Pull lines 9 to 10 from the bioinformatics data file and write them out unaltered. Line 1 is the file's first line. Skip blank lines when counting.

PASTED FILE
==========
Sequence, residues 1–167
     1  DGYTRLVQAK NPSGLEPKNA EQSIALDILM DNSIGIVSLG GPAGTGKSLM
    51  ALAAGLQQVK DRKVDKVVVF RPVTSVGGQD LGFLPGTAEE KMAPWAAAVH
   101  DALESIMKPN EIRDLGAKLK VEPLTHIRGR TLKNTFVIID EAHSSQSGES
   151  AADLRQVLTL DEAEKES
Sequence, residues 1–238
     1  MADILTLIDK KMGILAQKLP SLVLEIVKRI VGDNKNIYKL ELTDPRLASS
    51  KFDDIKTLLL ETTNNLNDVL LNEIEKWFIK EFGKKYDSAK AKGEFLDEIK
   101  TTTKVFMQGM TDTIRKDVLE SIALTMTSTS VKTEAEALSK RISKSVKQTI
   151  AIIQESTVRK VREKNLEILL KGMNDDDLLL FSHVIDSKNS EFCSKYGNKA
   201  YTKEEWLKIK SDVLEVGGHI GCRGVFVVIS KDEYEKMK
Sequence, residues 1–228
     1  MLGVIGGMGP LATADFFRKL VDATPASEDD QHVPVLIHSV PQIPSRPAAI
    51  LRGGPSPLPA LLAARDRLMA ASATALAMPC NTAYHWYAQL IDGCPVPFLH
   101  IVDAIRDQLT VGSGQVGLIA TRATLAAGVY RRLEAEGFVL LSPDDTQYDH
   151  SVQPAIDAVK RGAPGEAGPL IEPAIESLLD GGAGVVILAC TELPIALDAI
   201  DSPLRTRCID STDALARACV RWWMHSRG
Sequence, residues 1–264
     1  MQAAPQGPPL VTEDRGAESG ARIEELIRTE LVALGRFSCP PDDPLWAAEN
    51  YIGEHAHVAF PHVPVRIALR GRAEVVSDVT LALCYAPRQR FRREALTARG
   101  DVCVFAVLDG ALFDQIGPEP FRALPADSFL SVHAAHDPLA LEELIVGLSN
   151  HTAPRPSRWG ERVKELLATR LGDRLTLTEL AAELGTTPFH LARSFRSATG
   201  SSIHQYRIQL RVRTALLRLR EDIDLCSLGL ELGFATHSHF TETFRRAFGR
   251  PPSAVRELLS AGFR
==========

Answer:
   101  TTTKVFMQGM TDTIRKDVLE SIALTMTSTS VKTEAEALSK RISKSVKQTI
   151  AIIQESTVRK VREKNLEILL KGMNDDDLLL FSHVIDSKNS EFCSKYGNKA